Other natural remedies, such as vinegar, can be mixed with sea salt to create a paste. However, the most effective method of using sea salt for athlete's foot is by dissolving one cup of sea salt into a warm footbath. Let your feet soak in it for 20-30 minutes. After soaking, dry your feet thoroughly.
Garlic is an incredible antifungal remedy due to its most important antifungal compound called ajoene. Ajoene is formed from allinase (an enzyme) and allicin (a compound). When garlic is crushed or chopped, allinase and allicin join together to create an antibacterial agent, which develops into ajoene. Ajoene eliminates fungi and limits their activity along with reducing the symptoms of athlete's foot.
Although garlic's strong scent may be off-putting to some people, it can be quite effective for the treatment of athlete's foot. Moreover, garlic contains compounds and acids that can control an alkaline environment, which fungi love to thrive.
To use garlic for the treatment of athlete’s foot, you will need 4-5 cloves of crushed garlic. You can directly rub them over the affected area twice daily until you feel better.
8. Talcum powder
Talcum powder can be used to keep the feet clean and dry. Baby powder or corn starch works well in antifungal treatment. Fungus loves to thrive in warm and moist areas, so keeping the feet dry will make it hard for them to spread and survive.
When using talcum powder, be very careful not to inhale it. You can directly apply talcum powder or another antifungal powder to the affected area before putting on socks.
9. Oregano oil
According to research, oregano oil can effectively kill fungus, reduces molds, and helps cure Candida overgrowth. Some experts have also discovered that the effects of oregano oil are just as helpful as antifungal medications and antibacterials.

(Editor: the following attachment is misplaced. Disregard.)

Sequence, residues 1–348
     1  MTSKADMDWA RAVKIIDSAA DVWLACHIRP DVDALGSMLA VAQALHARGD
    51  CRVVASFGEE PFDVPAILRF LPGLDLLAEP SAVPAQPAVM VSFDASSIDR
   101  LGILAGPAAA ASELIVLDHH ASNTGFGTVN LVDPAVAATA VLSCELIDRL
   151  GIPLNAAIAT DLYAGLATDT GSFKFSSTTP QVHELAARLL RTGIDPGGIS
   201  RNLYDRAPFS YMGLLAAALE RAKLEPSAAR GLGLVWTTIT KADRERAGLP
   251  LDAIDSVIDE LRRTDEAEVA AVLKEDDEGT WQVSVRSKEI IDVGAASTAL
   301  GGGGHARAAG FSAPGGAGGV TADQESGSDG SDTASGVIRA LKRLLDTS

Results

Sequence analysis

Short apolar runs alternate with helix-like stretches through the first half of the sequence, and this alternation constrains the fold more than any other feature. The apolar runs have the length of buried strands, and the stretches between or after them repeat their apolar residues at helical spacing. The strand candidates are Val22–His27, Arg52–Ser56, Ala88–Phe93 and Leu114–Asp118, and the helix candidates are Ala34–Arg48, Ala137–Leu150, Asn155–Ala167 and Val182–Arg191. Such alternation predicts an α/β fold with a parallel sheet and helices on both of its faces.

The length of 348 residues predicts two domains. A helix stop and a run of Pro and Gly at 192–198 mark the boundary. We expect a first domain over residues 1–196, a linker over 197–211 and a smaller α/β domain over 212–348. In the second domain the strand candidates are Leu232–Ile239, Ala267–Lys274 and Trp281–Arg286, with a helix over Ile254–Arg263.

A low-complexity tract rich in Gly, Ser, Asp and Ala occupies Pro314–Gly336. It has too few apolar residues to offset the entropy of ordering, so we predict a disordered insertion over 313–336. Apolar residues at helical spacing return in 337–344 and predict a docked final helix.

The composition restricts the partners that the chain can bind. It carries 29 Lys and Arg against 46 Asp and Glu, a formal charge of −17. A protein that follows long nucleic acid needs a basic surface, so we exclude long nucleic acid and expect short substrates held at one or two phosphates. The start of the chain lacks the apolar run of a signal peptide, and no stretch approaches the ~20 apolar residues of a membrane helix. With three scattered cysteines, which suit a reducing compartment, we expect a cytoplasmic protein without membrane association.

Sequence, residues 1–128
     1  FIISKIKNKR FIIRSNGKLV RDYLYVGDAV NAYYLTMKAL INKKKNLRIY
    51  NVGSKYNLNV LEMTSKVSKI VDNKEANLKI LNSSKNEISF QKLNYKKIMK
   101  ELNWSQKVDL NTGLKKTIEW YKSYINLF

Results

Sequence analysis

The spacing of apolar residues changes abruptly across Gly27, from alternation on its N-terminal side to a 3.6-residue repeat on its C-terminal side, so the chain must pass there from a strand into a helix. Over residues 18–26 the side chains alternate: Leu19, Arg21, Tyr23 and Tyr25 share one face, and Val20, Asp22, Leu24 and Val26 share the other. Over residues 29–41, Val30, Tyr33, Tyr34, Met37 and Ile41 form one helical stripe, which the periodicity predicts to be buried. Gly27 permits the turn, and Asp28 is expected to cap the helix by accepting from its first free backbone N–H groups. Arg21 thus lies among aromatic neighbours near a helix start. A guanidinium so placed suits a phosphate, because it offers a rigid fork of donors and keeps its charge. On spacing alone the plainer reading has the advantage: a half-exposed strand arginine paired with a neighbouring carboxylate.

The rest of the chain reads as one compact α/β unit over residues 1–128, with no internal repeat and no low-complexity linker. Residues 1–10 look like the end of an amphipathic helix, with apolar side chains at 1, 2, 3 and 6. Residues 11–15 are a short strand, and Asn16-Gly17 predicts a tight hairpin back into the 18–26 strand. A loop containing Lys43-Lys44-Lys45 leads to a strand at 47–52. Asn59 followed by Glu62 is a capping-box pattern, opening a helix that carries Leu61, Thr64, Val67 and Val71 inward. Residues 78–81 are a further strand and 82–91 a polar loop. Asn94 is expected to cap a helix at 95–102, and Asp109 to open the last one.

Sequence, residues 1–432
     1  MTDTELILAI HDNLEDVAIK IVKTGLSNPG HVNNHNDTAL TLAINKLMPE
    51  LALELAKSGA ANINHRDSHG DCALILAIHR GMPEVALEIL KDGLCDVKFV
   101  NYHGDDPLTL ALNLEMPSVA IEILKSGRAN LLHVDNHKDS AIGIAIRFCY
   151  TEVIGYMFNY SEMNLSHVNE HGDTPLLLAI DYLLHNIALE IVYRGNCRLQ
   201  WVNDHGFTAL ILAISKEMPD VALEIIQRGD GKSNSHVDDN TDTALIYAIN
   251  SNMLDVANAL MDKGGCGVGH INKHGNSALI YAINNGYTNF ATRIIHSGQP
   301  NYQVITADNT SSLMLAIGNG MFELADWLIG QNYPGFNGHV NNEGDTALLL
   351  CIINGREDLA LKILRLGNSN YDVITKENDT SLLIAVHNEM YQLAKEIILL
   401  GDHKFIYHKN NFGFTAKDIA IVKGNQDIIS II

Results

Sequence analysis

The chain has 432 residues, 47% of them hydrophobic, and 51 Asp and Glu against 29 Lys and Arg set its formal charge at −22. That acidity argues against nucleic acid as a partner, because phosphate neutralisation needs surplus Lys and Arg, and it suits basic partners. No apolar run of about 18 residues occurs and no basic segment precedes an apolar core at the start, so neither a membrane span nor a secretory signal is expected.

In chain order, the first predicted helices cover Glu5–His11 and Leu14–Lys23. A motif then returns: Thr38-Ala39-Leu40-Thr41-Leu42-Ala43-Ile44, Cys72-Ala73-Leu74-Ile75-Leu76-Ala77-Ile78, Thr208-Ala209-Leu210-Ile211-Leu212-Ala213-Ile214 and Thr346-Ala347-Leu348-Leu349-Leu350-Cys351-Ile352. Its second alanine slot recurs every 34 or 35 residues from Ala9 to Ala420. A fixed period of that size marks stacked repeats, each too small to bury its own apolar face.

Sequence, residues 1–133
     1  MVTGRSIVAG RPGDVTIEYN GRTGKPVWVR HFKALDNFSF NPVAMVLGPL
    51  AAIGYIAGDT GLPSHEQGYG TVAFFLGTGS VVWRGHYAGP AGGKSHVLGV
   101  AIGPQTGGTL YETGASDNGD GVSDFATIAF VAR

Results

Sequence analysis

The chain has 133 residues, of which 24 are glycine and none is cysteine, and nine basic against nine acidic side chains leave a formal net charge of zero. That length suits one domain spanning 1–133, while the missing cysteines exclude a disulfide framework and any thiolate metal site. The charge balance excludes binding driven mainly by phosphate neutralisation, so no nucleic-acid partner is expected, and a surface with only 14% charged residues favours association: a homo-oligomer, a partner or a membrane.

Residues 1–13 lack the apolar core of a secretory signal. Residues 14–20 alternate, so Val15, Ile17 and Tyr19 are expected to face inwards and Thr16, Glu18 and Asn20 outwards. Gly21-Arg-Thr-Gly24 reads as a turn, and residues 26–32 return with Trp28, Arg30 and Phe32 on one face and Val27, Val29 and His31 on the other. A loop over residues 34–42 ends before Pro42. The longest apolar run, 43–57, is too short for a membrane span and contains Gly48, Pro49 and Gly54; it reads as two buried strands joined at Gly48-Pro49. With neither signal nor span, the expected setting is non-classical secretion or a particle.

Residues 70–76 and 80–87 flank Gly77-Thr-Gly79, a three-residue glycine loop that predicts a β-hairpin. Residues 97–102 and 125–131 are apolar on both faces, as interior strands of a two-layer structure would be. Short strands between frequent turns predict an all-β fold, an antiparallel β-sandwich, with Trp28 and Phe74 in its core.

Therapeutic grade oregano oil contains 71 percent phenols, which are antiseptic compounds. Phenols include thymol and carvacrol, which are two active ingredients that kill fungus on contact. Carvacrol is particularly beneficial when it comes to controlling the growth of pathogenic microorganisms in the body.
10. Always keep your feet dry and clean
Fungi usually grow in airless, dark, and moist areas, which makes your feet the ideal environment for them to thrive. Athlete’s foot can be prevented by:
- Keeping your feet clean and dry as much as possible.
- Regularly changing your socks.
- Cleaning your feet and putting a new pair of socks after your workout.
- Avoid walking barefoot in gym areas or public pools.
- Making sure that the spaces between your toes are dry.
- Wearing well-ventilated shoes.
11. Healthy diet and lifestyle
The risk of developing fungal infections and other common health problems may increase in people who have a weakened immune system. The following factors may affect the body's resistance to fungal growth and other microbial growth:
- Sedentary lifestyle
- Poor nutrition
- High levels of stress
- Chemical exposure
- Drug abuse
- Autoimmune diseases
- Poor circulation
- Antibiotic usage
- Hormone replacement drugs